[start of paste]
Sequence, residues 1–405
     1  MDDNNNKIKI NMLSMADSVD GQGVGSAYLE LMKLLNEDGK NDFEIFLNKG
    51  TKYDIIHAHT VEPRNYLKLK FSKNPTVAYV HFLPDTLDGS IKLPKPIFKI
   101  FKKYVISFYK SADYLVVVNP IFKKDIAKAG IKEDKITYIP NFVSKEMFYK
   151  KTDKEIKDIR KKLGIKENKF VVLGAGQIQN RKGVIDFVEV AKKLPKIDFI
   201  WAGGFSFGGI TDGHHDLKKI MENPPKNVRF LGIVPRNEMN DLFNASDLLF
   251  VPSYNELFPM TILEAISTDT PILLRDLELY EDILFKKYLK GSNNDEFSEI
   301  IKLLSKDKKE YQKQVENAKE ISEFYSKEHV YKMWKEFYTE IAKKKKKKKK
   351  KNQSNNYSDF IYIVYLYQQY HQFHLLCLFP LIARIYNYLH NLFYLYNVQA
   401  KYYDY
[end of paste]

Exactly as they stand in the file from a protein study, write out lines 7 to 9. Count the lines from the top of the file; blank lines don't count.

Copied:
   251  VPSYNELFPM TILEAISTDT PILLRDLELY EDILFKKYLK GSNNDEFSEI
   301  IKLLSKDKKE YQKQVENAKE ISEFYSKEHV YKMWKEFYTE IAKKKKKKKK
   351  KNQSNNYSDF IYIVYLYQQY HQFHLLCLFP LIARIYNYLH NLFYLYNVQA